Unfortunately, the summer months are filled with creepy-crawly critters. Most bites and stings will only cause minor discomfort, but some can be lethal, especially if you have severe allergies to insect venom.
One of the first steps to deciding if your bug bite or sting might be something more serious is to look at some of the key symptoms. Here are some things you should know about bug bites to determine if they might require medical attention.
Fire ant bite
Fire ants are small red or black venomous ants with a painful sting. The bites are most often red spots with a blister on top. These stings will burn, itch and last up to a week. Fire ants may cause a dangerous allergic reaction in some people, characterized by swelling, generalized itching and difficulty breathing.
Flies can cause inflammatory reactions at the site of the bite. The result is a painful, itchy rash that although is usually harmless, may lead to severe allergic reactions or spread insect-borne diseases.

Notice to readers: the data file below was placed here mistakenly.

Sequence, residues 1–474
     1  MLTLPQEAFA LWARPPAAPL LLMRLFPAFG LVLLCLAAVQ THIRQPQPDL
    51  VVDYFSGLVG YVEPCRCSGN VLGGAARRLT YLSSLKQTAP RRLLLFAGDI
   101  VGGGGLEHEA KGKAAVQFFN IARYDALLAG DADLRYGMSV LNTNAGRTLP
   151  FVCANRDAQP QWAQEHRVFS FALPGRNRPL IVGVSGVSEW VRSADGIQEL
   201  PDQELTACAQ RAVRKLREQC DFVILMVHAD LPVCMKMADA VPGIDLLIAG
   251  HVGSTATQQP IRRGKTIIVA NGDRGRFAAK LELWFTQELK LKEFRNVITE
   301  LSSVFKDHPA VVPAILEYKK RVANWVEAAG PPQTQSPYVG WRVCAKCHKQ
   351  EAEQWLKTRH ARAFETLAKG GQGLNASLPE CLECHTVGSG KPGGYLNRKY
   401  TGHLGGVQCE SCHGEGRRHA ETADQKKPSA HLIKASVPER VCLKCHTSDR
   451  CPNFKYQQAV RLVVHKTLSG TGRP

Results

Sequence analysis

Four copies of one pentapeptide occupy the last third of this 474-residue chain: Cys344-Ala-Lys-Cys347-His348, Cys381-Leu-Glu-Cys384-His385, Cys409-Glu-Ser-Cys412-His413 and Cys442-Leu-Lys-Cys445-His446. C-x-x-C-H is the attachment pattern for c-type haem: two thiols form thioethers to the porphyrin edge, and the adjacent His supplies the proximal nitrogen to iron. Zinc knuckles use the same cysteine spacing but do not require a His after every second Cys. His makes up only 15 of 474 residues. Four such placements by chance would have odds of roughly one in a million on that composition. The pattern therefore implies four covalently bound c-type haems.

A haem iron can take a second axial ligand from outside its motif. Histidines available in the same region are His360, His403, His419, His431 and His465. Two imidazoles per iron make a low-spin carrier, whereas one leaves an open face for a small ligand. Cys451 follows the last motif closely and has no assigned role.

In particular, mosquitoes are common carriers of dangerous illnesses like Zika, malaria, or yellow fever, so take great caution in geographical areas known for these breakouts—particularly if you’ve traveled recently.
Tick bites can cause early pain and swelling, or the sting can result in rashes, burning sensations, blisters and difficulty breathing. The tick often remains attached to the skin for a long time, so be sure to remove the pest as soon as possible. If the rash is red and target-shaped, be wary of Lyme disease, which must be treated with antibiotics. Ticks can also carry Rocky Mountain spotted fever, a bacterial infection that causes a spreading red or black spotty rash.
Most spider bites are harmless, but some might cause a more serious medical condition. Dangerous spiders include brown recluse, black widow, hobo spider, tarantula and wolf spiders.
Signs include a single raised bump at the site of the bite, followed by redness and tenderness. Severe allergic reactions to a spider bite may require medical attention.
Although bedbug bites are not lethal, it’s essential to recognize them quickly. When a bedbug bites, it injects an anesthetic that makes it difficult for the victim to realize until marks appear. Bedbugs won’t transfer diseases, but an infestation spreads swiftly, so the pests need to be exterminated as soon as possible.